There’s Always a Negative Side!
“You shall not make for yourself a carved image, or any likeness of anything that is in heaven above, or that is in the earth beneath, or that is in the water under the earth; you shall not bow down to them nor serve them. For I, the Lord your God, am a jealous God” (Ex. 20:4, 5, NKJV)
This commandment, as all commandments (see Larger Catechism Q99), suggests more than a mere surface reading would indicate. Just as the sixth commandment demands not merely avoidance of murder but also the preservation of life, so, too, this ordinance of God demands more than avoidance of idols. There is both a negative and positive side of this law.
The first and most conclusive point is that this commandment forbids any likeness of God—that is of God Triune (God is one), and of God in His several persons, Father, Son and Holy Ghost. Each is God and none may be depicted with man-made images. Even pictures of Jesus are only a “half-Christ” since it only shows His humanity and incorrectly at that (did He really have blond hair and blue eyes?). Also, Turretin correctly points out that this law is two-fold: no images and no worshipping of them. It is not simply a prohibition against images if they are worshipped: neither idols nor false worship is accepted. Exodus 32:4ff. states that Israel made the golden calf to represent Yahweh—yet as Aaron said after the image was made, “Tomorrow is a feast to the Lord.” It was not worshipping false gods, but worshipping the True God falsely! God reminds them later that they saw no “form” of the Lord when He spoke at Mt. Sinai, spending several sentences emphatically denouncing any form, likeness or image of God (Deut. 4:15ff.), and this without any reference to worship. The simple making of an image of Yahweh was, and still is, wrong.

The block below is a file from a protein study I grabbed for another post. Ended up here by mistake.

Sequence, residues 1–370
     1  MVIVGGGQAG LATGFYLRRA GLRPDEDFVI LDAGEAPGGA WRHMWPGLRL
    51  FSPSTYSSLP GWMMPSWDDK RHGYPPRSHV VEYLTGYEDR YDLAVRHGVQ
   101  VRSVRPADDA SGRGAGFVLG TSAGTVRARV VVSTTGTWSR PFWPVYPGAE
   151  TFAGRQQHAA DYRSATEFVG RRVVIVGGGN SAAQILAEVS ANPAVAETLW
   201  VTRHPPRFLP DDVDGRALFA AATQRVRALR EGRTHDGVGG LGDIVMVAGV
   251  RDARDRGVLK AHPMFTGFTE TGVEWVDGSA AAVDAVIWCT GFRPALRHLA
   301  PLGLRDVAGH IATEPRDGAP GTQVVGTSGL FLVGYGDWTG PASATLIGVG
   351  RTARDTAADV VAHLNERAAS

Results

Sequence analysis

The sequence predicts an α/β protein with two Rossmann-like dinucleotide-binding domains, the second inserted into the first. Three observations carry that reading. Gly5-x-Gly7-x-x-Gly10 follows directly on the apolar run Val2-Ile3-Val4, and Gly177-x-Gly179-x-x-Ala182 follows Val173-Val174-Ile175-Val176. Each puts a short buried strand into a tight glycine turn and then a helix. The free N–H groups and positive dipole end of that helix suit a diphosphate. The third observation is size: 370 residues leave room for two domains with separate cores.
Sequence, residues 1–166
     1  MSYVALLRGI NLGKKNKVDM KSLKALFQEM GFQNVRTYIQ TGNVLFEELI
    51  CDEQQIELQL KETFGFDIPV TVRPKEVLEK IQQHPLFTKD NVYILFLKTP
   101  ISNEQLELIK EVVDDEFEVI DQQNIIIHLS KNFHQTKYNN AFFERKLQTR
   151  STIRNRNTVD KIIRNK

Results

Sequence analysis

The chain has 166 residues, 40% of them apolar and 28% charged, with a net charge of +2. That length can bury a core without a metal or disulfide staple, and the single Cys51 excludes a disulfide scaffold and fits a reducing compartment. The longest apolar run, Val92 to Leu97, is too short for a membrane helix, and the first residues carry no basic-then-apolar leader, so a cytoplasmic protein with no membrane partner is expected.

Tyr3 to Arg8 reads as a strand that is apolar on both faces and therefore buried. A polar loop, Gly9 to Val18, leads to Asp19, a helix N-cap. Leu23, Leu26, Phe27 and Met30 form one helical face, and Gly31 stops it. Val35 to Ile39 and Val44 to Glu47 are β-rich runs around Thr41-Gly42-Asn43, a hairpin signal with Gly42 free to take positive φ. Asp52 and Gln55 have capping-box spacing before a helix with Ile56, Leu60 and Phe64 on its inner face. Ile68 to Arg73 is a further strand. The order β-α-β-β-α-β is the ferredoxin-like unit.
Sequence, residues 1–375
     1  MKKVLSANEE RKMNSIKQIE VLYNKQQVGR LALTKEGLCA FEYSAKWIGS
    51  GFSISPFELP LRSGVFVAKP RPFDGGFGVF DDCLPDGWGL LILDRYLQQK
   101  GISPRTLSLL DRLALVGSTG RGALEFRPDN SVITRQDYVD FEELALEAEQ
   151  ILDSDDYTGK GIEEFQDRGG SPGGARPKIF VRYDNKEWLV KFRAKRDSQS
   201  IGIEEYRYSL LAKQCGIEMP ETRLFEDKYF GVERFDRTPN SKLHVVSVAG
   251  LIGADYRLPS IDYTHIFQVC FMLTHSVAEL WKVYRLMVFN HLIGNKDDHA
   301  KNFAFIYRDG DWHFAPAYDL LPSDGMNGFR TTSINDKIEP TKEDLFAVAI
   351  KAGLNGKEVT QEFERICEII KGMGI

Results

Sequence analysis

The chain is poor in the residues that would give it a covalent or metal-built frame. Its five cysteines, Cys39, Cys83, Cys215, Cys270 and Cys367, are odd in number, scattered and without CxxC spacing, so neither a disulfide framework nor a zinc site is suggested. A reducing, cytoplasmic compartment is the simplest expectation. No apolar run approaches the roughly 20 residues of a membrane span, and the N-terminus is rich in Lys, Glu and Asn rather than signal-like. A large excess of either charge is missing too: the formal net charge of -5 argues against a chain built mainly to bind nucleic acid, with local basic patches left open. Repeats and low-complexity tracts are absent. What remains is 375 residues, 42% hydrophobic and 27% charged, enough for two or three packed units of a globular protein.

Thus our spiritual forefathers clearly wrote the Confessions against images for worship or teaching (Heidelberg Catechism, 96-98; WLC 109):
“Q98: But may not pictures be tolerated in churches as books for the people?
A98: No, for we should not be wiser than God, who will not have His people taught by dumb idols, but by the lively preaching of His Word.”
The nature of worship also argues against the making of images to supplant the Word (written, preached or taught). Worship is to give proper and due homage to God in thought, word and deed. Worship has two dimensions. The first occurs in weekly public worship; the second occurs in the life of a believer. The Bible, the Word of God, regulates both. This commandment is the foundation for both. Many in the Evangelical circles know this because they will not allow a statue of Christ to enter their houses for family worship. Why? Because they instinctively know that worship is not merely bowing before an idol (who does that in our “enlightened” age?), but also involves the heart.
Worship is to have a high, proper, holy and correct view of our Lord. Yet, cannot these images (pictures, movies, etc.) be used to stir up “pious feelings” or help us to have better, holy thoughts of God? The Roman Catholic Thomas Aquinas and the Lutherans argued such. In contrast, Turretin incisively argues that these uses are still worship indirectly considered because “the sight of them [help] conceive of holy thoughts concerning God and Christ (which cannot but belong to the worship of God, so that thus they really worship God…).” That is, maintaining that these images stir religious feelings is to admit that they stir up worship in our hearts; thus, directly relating their argument to the second commandment. Images clearly impact our thoughts of God and our worship at church and at home.